There is no doubt that she wept bitter tears of grief for his little life cut short; little doubt that his death left an ache in her heart that stayed with her all the rest of her days. But there is also no doubt about this, because she did tell these stories after Hans had died: she was convinced that in the afternoon Hans had received the comfort he needed by a glimpse at the angels soon coming to carry him home. And she was certain as well that what had awakened her in the night was the blessed assurance of a host angels, their wings fluttering as if to say as St. Julian of Norwich said: “All shall be well, and all shall be well, and all manner of thing shall be well.” Alongside the ache in her heart she carried the comfort of those angels all the days of her life.

… There is a brief second chapter to this story, and a third as well.

By the time that Hans died, Ernst Fischer had attended St. Paul Lutheran Church for twenty-five years, from his youth into adulthood. A devout parishioner, even a member of the church council, he was by all accounts a member in good standing. Except by one account.

We sometimes forget how quickly the past becomes a different country, a place of customs entirely foreign to us today. Only 100 years ago at St. Paul Lutheran one’s church giving came in the form of a pew rental. You paid a fee for the pew you sat in at church. The pews closer to the front cost more money; thus the front pews came as a mark of status and wealth. But every pew cost some money. And for this family of eight, what with food and clothing and now illness as well, money could be more than scarce. Ernst had fallen behind in his pew rent.

After Hans died, Ernst met with the pastor to make preparations for the funeral for his little son. It was a hard meeting, for sure. But then came a harder meeting still, when the Board of Trustees summoned Ernst and told him that because he was behind in his pew rent they would not allow the church bell to toll while Hans’s casket was led out of the church.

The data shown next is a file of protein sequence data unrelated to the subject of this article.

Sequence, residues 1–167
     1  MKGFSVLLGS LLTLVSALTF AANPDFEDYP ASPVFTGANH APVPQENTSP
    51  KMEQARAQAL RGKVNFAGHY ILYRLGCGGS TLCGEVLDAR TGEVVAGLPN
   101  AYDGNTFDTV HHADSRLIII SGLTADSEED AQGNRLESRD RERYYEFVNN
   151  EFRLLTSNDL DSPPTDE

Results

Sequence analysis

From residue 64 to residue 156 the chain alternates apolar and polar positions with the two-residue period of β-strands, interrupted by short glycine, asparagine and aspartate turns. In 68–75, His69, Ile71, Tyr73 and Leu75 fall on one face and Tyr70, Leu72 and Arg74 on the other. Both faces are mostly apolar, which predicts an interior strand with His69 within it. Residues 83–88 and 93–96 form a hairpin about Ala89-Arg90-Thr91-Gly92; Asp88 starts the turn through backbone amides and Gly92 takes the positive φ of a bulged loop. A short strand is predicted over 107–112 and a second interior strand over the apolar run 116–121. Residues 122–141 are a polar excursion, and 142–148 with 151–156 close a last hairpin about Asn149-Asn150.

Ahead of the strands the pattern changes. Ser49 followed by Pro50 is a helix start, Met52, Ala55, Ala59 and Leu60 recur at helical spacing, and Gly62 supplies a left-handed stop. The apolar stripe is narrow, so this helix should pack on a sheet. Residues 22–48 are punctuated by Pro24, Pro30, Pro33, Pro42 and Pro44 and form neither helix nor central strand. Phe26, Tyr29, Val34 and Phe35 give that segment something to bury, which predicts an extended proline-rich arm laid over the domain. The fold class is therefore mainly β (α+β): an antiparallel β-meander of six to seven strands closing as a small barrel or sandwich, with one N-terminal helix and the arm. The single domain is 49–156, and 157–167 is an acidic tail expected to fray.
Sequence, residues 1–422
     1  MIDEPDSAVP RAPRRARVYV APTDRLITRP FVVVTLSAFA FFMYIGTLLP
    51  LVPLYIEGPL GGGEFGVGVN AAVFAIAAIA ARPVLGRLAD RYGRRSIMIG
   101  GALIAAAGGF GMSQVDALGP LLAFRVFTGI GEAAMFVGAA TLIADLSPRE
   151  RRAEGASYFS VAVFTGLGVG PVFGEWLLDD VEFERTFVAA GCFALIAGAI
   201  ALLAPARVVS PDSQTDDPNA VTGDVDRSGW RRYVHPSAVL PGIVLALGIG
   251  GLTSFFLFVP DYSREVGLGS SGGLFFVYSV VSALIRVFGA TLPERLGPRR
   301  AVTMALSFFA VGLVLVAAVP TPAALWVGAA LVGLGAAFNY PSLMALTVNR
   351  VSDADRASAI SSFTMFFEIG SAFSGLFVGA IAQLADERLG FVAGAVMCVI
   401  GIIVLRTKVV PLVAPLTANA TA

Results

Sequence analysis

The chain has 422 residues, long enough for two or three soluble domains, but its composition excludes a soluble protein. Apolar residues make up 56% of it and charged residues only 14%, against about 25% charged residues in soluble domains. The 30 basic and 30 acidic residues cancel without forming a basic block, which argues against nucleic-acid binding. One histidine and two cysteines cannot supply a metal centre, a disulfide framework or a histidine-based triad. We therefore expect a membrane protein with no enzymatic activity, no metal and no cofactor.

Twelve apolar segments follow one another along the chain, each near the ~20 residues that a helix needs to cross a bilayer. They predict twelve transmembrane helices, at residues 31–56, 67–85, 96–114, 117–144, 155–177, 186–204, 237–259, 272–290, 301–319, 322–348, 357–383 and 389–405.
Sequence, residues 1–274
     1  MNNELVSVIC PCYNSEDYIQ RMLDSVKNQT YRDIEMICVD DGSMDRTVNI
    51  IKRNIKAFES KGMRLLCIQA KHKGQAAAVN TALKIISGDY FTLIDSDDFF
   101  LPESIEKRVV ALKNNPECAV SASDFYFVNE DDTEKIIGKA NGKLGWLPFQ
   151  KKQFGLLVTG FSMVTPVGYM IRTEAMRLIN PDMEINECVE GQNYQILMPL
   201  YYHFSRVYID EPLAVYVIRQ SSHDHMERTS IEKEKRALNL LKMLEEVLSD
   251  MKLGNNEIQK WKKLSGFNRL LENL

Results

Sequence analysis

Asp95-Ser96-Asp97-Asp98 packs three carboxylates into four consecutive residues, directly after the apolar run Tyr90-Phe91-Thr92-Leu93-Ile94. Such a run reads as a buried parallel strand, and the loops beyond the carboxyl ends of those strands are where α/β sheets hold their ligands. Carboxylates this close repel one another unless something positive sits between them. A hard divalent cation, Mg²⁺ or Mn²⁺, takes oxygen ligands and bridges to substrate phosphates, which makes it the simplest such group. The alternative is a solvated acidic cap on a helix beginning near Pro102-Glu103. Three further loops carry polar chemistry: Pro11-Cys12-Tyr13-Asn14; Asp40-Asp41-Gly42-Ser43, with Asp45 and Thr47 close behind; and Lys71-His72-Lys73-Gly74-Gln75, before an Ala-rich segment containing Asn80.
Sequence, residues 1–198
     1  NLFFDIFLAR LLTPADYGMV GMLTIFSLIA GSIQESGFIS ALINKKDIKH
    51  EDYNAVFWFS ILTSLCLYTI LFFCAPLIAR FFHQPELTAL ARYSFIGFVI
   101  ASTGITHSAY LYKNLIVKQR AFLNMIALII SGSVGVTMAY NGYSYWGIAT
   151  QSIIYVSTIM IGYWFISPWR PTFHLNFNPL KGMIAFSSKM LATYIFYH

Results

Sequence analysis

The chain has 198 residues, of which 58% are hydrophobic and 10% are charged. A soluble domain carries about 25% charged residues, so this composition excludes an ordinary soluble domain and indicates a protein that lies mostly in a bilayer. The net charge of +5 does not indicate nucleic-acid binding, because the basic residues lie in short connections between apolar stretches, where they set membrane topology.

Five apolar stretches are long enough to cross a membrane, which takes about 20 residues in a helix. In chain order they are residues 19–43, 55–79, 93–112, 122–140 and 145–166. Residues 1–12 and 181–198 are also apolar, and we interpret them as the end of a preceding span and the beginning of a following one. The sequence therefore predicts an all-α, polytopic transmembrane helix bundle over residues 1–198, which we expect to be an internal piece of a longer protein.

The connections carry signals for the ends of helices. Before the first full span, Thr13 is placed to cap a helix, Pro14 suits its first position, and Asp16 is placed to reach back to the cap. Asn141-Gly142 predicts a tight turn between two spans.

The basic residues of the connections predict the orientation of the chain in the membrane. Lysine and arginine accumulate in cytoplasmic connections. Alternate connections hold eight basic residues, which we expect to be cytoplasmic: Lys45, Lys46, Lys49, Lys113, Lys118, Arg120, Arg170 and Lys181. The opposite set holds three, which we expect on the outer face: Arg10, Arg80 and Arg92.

There was no denying: he was behind. Bills had piled up everywhere. But this was his child—moreover God’s child—and he had died at the same age that Ernst was when he first ventured into St. Paul Lutheran on a Christmas Eve so many years earlier. Could nothing be done to toll the bell for this little one?

No. There were expectations to be upheld, not just for Ernst, but also for the whole church. No exceptions could be made. So, on a day filled with weeping and wailing during the funeral service, what Ernst heard most loudly was the silence of the untolled bell as Hans’s casket was carried down the aisle and made its way to the cemetery.

At some point, maybe that day, maybe years later as he recounted the bitterness of that silent bell, Ernst made clear that on his funeral day he wanted no bell to toll for his departing casket either. The disgrace that the church felt was sufficient for his child would be sufficient for him as well.

A lesser man might have internalized the bitterness of that day and allowed it to consume him and alienate him from the church, or worse, from God. But Ernst was a bigger man. For fifty-five more years he remained faithful, not only to God but also to St. Paul Lutheran. He served the church and the school in elected office, exemplary character, generous spirit, and seasoned wisdom. By the time he died in the summer of 1972 at the age of eighty-five, he was an icon of the church.

It was neither stubbornness nor vindictiveness that kept the bell from tolling as his casket was carried down the aisle that day in June. It was a father’s love for a child, strong as yesterday, that led his children to honor his wish. His casket also departed the church in silence—but not in disgrace. The silence allowed him, in one last gesture, to honor and accompany Hans who had died so many years earlier.

And although it isn’t in the stories I’ve heard, I will add it here, because I’m sure it’s true. If you had listened carefully in the silence left by that untolled bell, you would’ve heard again, there in the sanctuary of St. Paul Lutheran Church, a great fluttering of wings … and maybe even the voice of a little child, this time exclaiming, “Look, Papa, the angels!”

* * *

This is the third in a series of family history vignettes.